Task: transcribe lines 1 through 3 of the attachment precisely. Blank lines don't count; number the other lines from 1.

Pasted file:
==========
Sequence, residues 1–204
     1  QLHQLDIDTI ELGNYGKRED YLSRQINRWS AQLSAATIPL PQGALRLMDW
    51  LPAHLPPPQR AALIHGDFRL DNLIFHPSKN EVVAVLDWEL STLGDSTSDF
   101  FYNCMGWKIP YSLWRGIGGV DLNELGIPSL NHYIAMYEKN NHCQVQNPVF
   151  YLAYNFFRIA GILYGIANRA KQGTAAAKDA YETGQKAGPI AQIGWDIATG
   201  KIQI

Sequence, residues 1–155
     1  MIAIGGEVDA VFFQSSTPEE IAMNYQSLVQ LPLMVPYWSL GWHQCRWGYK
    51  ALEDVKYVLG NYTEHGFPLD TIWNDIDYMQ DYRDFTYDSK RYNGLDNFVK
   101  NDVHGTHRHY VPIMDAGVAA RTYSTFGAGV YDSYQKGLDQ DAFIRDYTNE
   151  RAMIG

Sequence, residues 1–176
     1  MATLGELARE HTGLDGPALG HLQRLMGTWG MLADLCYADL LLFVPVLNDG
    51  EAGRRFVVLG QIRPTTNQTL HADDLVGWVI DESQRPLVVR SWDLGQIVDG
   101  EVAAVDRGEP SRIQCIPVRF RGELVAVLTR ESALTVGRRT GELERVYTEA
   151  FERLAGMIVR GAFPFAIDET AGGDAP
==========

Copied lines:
Sequence, residues 1–204
     1  QLHQLDIDTI ELGNYGKRED YLSRQINRWS AQLSAATIPL PQGALRLMDW
    51  LPAHLPPPQR AALIHGDFRL DNLIFHPSKN EVVAVLDWEL STLGDSTSDF